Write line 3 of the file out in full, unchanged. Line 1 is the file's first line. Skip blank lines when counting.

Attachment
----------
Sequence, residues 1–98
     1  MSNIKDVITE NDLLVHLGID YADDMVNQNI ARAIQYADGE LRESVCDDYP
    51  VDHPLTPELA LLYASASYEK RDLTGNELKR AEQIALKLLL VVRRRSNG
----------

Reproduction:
    51  VDHPLTPELA LLYASASYEK RDLTGNELKR AEQIALKLLL VVRRRSNG